Understanding your financials is key to operating a healthy and profitable business. As a business advisor at the Maine SBDC at CEI, I help small business owners get a better understanding of their financials so that they can make good decisions about the future of their business. Below are 5 common questions I get from the entrepreneurs and small businesses:
What do I need to track and what is the best way to do it? All transactions in your business should be recorded in an orderly, systematic way. All money coming in and going out will end up on either the Balance Sheet or the Profit & Loss Statement. You can use a manual system or a computerized system such as QuickBooks. It’s your choice as long as you are recording everything in a way you can get useful information out of your system.
Why do financial statements matter? The Balance Sheet and Profit & Loss Statement together give you a pretty clear picture of your operations and the health of your business. They are tools for making management decisions about your business and are sometimes required by people outside your business, such as lenders or investors.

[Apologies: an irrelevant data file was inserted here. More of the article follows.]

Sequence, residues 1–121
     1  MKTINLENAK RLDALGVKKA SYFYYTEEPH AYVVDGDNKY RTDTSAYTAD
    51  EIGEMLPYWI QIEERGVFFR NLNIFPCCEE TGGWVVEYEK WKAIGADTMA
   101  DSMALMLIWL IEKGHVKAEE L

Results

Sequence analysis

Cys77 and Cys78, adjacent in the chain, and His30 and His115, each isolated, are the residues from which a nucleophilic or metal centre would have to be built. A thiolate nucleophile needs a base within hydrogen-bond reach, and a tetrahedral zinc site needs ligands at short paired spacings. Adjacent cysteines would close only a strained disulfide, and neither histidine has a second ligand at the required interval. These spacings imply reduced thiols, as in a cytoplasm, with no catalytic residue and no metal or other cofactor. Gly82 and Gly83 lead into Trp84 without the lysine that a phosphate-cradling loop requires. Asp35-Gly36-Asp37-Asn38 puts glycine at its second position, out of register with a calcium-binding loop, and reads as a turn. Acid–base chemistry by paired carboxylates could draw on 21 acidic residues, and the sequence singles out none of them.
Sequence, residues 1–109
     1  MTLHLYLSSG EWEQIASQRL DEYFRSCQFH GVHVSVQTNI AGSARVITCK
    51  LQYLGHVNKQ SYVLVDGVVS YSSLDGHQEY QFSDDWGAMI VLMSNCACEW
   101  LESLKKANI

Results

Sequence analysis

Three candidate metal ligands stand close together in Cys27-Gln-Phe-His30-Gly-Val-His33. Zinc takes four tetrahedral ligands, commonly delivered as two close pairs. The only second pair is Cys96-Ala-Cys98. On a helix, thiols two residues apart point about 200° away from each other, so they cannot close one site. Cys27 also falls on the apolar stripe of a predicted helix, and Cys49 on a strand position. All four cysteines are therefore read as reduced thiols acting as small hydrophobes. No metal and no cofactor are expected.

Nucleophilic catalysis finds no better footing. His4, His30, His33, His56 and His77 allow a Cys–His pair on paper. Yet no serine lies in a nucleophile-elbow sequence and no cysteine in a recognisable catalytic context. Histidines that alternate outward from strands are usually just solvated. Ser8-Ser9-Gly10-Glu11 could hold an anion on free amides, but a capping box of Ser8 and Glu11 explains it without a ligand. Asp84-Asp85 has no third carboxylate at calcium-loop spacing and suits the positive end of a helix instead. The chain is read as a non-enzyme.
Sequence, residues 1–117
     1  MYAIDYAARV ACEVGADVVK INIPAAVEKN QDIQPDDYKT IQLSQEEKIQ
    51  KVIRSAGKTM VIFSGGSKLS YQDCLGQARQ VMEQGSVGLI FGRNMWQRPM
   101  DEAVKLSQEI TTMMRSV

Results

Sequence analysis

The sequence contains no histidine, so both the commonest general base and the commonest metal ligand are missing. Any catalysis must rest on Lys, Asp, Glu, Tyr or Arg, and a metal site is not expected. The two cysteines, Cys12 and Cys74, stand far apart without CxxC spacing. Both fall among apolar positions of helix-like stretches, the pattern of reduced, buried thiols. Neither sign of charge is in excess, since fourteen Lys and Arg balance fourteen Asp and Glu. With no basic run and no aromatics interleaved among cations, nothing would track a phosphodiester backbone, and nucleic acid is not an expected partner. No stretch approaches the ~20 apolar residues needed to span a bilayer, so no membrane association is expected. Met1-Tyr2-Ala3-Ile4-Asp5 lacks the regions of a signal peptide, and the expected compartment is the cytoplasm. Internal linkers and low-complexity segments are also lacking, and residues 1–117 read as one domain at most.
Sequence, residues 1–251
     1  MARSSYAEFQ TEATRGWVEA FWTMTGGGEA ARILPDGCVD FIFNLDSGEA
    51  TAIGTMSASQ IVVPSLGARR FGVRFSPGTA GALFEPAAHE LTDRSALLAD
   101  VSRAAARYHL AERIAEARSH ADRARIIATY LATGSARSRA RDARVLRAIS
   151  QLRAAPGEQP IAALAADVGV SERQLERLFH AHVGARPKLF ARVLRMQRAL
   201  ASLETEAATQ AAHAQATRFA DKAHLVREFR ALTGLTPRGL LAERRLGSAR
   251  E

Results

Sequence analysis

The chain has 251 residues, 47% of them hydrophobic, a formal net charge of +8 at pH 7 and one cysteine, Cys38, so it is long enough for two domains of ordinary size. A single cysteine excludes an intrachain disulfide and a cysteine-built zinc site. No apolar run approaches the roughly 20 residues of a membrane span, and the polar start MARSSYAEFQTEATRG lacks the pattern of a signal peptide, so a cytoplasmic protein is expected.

Balance Sheet – What is it? The balance sheet shows you your asset (what you own), your liabilities (what you owe) and your equity (the difference between assets and liabilities). It also shows you where you spent your profits. The Balance Sheet is a snapshot of your business on a specific date.
Profit & Loss Statement – What is it? The Profit & Loss Statement is like a video of your business. It shows how you are doing over a period of time. It captures your sales and expenses over time, usually a month or a year, and how much profit you have.
Why doesn’t profit equal cash? This is a very common question and one that the Balance Sheet and Profit & Loss Statements will help answer. Sales minus all expenses is profit, or loss if expenses are more than sales. Profit is what you have available to make loan payments, purchase assets such as equipment or take an owner’s draw (money you take out of the business for personal expenses).